Singapore's health department has confirmed 40 new cases of Zika virus one day after revealing a 47-year-old woman had become the first person known to have contracted the disease locally.
Thirty-six of the cases are believed to be migrants living in the high-rise areas of Aljunied Crescent and Sims Drive, said the Ministry of Health and National Environment Agency (NEA) in a joint statement.
The migrants are mostly construction workers believed to be from South Asia. A total of 124 people had been tested by authorities.
"[The Ministry of Health] cannot rule out further community transmission in Singapore since some of those tested positive also live or work in other parts of Singapore," the statement said. "We expect to identify more positive cases."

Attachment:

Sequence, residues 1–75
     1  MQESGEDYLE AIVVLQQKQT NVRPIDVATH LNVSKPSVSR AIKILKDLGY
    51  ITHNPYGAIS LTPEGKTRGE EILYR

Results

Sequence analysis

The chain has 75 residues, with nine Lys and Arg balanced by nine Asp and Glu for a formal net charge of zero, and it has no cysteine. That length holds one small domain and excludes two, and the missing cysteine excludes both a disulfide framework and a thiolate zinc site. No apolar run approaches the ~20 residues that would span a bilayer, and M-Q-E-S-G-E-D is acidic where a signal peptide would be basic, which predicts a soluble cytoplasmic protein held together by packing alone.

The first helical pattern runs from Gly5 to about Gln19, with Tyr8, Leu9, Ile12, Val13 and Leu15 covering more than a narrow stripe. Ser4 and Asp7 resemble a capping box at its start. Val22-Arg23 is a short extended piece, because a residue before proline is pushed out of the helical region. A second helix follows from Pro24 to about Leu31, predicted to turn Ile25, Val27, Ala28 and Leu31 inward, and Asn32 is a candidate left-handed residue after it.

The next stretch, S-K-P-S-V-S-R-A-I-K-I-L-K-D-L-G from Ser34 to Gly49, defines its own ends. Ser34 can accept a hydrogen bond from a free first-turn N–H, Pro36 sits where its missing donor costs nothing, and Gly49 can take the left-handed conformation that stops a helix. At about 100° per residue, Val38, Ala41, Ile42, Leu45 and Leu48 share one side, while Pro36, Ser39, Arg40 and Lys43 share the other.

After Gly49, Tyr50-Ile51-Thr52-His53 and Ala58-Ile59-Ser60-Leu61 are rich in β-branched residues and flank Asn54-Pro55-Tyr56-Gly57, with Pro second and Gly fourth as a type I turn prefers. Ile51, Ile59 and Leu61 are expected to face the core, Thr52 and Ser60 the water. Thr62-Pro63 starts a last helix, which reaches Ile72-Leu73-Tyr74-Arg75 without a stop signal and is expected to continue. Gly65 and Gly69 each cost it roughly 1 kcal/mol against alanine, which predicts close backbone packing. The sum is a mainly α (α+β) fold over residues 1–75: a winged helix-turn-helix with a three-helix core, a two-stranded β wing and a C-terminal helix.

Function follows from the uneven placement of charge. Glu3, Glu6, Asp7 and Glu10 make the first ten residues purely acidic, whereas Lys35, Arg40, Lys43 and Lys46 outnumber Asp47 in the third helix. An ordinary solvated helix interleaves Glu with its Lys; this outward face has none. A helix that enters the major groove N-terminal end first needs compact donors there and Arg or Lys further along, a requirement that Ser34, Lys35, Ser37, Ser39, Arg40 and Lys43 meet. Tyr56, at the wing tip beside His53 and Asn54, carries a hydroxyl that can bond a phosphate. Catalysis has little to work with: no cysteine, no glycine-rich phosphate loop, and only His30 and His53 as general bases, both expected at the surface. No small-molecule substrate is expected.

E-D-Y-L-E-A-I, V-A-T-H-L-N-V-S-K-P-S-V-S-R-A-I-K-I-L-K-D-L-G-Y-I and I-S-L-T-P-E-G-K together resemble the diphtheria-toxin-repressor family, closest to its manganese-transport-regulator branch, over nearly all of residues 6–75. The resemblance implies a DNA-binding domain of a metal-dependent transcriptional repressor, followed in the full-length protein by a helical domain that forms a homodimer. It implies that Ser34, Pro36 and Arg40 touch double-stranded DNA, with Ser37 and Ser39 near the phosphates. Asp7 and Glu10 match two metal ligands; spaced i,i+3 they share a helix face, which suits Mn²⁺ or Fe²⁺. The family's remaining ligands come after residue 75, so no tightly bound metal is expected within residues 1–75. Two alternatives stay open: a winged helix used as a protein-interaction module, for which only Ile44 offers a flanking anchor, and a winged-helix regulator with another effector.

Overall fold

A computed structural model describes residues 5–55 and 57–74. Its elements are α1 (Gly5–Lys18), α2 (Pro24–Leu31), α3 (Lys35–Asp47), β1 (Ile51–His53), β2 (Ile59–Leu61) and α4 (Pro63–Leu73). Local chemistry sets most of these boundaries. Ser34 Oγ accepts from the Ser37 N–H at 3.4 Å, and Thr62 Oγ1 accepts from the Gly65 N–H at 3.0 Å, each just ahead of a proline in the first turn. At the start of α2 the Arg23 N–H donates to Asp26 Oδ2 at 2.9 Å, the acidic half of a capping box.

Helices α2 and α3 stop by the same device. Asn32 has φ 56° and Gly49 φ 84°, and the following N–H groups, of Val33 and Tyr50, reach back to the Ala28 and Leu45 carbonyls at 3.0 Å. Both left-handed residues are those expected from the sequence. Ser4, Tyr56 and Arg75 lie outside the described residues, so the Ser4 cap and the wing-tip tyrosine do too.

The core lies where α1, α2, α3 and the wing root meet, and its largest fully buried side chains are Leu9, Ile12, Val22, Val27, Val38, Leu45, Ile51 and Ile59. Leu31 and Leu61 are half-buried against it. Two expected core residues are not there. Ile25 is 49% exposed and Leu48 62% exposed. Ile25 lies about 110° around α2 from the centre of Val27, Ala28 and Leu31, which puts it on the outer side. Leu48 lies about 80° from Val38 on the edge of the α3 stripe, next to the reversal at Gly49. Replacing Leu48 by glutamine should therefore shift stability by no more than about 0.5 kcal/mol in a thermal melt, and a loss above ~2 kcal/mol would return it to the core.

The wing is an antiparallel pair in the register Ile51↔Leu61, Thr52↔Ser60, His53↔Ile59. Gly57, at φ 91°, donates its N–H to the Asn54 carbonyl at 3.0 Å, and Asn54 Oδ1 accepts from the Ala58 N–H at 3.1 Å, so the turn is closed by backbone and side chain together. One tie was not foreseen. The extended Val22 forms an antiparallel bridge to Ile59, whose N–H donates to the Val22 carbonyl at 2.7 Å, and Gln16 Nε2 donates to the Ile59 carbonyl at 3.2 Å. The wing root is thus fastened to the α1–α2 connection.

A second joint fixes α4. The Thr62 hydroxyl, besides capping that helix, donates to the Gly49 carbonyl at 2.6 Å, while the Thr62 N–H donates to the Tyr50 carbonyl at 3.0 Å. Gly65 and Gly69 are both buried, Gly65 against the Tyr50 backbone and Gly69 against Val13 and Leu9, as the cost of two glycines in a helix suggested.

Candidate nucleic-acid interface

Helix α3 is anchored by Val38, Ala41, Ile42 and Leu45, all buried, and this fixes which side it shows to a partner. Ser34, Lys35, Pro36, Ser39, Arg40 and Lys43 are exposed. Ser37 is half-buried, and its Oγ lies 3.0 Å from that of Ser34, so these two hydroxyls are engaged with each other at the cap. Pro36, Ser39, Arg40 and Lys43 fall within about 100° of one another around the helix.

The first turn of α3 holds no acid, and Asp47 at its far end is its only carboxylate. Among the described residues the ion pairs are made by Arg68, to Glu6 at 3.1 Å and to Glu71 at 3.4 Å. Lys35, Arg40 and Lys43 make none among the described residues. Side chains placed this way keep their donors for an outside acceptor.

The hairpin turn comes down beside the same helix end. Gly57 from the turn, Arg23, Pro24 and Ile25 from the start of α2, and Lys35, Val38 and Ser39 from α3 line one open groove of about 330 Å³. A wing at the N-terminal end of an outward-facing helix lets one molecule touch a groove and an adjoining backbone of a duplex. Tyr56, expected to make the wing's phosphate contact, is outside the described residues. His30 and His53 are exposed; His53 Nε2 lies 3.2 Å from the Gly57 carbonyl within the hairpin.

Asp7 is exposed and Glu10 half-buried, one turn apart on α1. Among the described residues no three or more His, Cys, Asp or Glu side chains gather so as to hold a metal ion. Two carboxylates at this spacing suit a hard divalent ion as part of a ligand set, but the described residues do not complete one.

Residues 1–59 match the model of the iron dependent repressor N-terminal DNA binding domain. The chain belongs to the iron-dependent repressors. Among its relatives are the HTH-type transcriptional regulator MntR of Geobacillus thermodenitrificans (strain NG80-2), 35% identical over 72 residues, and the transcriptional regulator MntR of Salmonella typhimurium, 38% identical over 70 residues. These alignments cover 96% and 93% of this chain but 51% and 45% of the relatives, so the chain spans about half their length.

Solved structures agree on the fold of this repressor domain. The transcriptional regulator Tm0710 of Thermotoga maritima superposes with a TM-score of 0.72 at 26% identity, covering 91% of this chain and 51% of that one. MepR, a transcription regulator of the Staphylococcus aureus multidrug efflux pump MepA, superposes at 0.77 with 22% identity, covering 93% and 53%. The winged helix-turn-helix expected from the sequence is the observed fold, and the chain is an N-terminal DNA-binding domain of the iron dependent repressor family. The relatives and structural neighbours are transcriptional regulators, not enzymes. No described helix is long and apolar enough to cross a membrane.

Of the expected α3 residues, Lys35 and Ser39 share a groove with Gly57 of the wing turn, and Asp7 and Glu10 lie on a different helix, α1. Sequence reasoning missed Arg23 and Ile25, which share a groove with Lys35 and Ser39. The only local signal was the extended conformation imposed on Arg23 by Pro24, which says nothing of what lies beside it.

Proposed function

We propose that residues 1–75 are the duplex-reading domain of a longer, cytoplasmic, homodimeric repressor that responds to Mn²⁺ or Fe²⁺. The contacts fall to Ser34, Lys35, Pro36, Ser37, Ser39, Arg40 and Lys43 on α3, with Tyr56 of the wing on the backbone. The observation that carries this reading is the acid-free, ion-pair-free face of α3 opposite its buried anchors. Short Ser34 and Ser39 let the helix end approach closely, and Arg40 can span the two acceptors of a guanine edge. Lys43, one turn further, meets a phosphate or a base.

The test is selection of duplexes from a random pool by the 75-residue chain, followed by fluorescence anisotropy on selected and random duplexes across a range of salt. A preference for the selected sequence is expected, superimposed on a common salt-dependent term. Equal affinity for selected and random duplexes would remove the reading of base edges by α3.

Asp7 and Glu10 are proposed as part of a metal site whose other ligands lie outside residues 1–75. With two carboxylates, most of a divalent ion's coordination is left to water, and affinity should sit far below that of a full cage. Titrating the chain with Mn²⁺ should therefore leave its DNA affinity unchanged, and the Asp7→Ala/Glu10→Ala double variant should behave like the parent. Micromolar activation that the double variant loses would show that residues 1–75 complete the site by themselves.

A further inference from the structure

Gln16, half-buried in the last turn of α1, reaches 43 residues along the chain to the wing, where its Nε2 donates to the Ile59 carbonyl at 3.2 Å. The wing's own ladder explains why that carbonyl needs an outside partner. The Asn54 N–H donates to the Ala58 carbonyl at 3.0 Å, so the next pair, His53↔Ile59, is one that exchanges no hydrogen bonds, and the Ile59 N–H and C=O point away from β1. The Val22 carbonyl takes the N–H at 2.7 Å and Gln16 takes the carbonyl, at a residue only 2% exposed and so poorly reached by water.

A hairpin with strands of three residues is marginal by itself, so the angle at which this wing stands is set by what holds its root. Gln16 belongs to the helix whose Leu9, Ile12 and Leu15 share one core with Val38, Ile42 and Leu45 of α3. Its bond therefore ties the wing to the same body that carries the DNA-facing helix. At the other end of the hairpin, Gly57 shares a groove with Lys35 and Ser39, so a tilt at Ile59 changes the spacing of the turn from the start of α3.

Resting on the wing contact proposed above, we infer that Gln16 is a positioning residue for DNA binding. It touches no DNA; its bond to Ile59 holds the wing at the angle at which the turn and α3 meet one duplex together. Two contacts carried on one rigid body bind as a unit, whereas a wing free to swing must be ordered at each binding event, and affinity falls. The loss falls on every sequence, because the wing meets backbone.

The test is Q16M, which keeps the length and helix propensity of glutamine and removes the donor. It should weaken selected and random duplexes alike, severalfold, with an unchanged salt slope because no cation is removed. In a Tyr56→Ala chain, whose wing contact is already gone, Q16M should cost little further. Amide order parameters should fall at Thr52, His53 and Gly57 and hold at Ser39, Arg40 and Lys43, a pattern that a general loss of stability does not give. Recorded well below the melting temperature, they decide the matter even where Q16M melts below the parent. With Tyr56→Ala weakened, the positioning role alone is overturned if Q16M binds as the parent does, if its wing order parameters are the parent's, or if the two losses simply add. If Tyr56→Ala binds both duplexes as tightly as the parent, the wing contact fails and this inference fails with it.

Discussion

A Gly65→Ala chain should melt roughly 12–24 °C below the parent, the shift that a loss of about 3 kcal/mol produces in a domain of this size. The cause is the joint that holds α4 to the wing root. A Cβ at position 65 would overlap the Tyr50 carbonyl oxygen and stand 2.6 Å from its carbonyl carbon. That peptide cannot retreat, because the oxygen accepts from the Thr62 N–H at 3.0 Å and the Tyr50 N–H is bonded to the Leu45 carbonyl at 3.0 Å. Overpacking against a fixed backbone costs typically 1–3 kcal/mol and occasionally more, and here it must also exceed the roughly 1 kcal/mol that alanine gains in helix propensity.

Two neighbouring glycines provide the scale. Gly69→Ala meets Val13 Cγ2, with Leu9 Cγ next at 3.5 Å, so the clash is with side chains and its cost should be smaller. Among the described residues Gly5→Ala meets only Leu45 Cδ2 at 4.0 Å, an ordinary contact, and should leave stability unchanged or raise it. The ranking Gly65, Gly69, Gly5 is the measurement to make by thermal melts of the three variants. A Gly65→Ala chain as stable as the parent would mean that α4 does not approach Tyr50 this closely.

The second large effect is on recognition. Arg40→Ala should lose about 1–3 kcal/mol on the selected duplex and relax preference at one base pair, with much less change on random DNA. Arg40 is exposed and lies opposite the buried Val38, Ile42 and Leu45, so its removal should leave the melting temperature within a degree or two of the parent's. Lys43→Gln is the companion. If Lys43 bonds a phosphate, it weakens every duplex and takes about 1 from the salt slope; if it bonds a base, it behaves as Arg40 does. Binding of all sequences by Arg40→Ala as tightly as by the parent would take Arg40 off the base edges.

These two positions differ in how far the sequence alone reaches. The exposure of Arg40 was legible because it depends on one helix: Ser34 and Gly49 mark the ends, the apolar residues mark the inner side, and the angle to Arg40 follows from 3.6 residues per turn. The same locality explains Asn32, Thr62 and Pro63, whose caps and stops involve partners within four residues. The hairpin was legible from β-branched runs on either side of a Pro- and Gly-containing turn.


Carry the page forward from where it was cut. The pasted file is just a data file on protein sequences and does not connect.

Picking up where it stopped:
The statement went on: "All the cases are residents or workers in the Aljunied Crescent/Sims Drive area. They are not known to have travelled to Zika-affected areas recently and are thus likely to have been infected in Singapore. This confirms that local transmission of Zika virus infection has taken place," reports Reuters.
NEA teams went to the Aljunied Crescent/Sims Drive area on Sunday, 28 August, cleaning drains, handing out repellent and leaflets and talking to residents. Local resident Janice, 31, told Reuters she was glad to see action being taken.
"I'm very scared of mosquitoes because they always seem to bite me, they never bite my husband," she said. "This [outbreak] concerns me because maybe in a couple of years I want to have another [child]."
Zika has been blamed for the spread of microcephaly, which causes babies to be born with small heads and brains. Most cases have been in Brazil but 2,500 people in the US have been infected, most of them after travelling abroad.
The virus has also been found in southern Europe. Singapore's first confirmed Zika case was in May 2016 in a 48-year-old man who had travelled to Brazil, according to the Daily Mail.